My church choir used to sing a song with the lyrics, “I need you, you need me, we’re all apart of God’s body”. I would resist singing along with the choir as they sang this song because I adored another song with the lyrics, “As long as I’ve got King Jesus, I don’t need nobody else”. I couldn’t balance the lyrics of these two songs, so I loved the later and disregarded the former. I remember talking to my mother about it, and she replied, “That’s because you haven’t lost someone close to you.”

In hindsight, I suppose both songs have their place. When Christ calls we follow the call to the extent of hating mother and father, brother and sister, wife or husband. Thus, we find ourselves alone. But God’s call to Christianity isn’t a call away from genuine human interaction; in fact it’s quite the opposite. God always provides people to be with us for no other reason than to travel the journey alongside us. Christ called 70 disciples away from their homes and families, but gave each one a companion, sending them out, two-by-two.

The girls at the center have left their families. Many of the habits and viewpoints carried by their families are prohibited at the center. Still, God has provided them with others, not to help them eat, sleep, or accomplish goals but, to share in their journeys. Of course, through the sharing of journeys, burdens are lightened and goals are accomplished, but it is a by-product of relationships and not the purpose. I fear that many, including myself, haven’t fully grasped the understanding that people are primarily those with whom we share our lives and not those whom we serve or have serve us.

When God came into the world as Christ, God came not so that we could accomplish goals, become political leaders (as many expected), or even to institute a new plan to serve people. These may be by-products, but the purpose of God’s coming was to enable us to have a deep and lasting relationship with God, so that we could share in God’s journey and have God share in ours. Christ taught his disciples that it was by the measure of their sharing – otherwise stated, the measure of their love – that people would recognize them as his disciples (John 13:35). I recognized Christ in the interactions of the girls from CCC, and through the sharing of their lives with me, they taught me something about my Savior.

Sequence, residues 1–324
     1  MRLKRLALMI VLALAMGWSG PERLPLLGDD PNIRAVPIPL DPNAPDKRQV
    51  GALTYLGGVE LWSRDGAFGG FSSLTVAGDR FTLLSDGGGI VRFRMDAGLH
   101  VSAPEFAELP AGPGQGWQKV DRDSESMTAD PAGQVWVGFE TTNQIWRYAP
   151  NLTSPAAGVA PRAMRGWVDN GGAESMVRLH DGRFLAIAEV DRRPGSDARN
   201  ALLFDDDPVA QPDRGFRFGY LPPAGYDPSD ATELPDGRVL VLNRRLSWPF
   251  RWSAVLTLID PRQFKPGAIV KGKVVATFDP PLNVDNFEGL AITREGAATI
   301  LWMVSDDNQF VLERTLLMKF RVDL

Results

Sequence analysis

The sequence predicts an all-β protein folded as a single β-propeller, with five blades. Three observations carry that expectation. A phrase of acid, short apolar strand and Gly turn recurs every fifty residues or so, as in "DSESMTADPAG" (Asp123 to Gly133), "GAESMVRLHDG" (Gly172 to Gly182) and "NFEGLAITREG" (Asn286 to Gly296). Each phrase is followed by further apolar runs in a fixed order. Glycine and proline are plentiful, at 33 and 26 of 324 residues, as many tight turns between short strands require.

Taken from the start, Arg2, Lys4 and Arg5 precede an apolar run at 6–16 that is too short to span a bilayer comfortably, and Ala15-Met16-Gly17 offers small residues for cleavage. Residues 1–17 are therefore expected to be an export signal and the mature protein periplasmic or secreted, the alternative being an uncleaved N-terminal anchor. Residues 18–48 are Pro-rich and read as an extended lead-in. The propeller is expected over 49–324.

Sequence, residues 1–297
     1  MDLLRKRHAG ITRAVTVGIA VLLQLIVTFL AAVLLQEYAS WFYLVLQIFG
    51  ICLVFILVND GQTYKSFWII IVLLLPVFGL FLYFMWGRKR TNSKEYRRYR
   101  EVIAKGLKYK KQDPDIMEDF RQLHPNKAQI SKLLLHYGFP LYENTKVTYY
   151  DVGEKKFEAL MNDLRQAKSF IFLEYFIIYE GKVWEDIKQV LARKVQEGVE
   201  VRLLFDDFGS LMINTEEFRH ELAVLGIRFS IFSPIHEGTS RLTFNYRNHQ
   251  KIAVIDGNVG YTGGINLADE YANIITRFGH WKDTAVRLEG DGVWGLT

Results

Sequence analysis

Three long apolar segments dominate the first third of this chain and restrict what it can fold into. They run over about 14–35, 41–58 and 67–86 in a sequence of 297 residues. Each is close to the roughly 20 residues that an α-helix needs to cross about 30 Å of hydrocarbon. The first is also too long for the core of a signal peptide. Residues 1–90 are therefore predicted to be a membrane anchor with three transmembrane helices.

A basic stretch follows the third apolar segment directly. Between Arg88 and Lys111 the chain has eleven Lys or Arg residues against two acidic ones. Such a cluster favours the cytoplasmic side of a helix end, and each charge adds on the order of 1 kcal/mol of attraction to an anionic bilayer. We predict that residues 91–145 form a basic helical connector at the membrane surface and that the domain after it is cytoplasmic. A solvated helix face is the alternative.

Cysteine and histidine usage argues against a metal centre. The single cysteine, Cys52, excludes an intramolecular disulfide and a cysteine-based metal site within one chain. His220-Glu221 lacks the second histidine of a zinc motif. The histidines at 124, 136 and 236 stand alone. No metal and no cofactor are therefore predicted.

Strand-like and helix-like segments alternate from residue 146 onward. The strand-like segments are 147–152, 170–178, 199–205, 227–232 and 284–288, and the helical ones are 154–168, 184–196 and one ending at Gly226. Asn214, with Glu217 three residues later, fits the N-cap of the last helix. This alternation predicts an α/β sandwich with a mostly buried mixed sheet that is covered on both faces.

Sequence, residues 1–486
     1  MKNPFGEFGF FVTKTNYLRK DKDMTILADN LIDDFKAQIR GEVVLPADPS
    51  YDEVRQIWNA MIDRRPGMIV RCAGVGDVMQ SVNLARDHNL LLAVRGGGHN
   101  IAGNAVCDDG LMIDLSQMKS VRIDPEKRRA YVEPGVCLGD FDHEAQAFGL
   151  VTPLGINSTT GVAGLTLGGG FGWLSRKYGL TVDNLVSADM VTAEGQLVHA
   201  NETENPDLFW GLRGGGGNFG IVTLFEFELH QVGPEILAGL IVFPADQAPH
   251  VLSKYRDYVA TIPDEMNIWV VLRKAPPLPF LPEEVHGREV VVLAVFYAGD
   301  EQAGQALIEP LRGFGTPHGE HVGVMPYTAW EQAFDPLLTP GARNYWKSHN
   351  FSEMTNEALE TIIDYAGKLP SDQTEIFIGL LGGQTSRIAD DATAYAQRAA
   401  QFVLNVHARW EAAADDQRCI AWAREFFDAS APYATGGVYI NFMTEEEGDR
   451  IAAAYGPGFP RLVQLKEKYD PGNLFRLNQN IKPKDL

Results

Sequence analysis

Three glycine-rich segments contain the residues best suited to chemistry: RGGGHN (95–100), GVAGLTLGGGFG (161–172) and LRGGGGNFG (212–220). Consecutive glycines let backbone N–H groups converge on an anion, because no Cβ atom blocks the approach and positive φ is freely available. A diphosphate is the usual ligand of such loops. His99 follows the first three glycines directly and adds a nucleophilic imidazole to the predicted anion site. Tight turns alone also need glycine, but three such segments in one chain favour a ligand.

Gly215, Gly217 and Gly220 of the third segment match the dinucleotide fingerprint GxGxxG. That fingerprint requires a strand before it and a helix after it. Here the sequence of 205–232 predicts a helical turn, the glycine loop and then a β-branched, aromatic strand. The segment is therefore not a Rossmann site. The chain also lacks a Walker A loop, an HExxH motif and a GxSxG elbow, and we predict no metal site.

Praise God for them!

CCC girls singing at a school event

CCC Children performing at a school event

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Disease: Onchocerciasis

One of the many diseases confronting the people in Rejaf Diocese is onchocerciasis.  Many times onchocerciasis is called or OV, riverblindness, or Oncho (pronounced Oncko) for short.  This disease was foreign to me when I first came to South Sudan, which is not hard to imagine considering I do not have formal clinical medical training.  Unlike malaria, which receives considerable attention and continues to be the dominant disease killing people throughout South Sudan and much of Africa, oncho is categorized as a neglected tropical disease (NTD).  The disease is transmitted from the “black fly”, which injects small worms called microfilaria into its victim.  The microfilaria then grow into full size falaria and reproduce microfilaria throughout the body.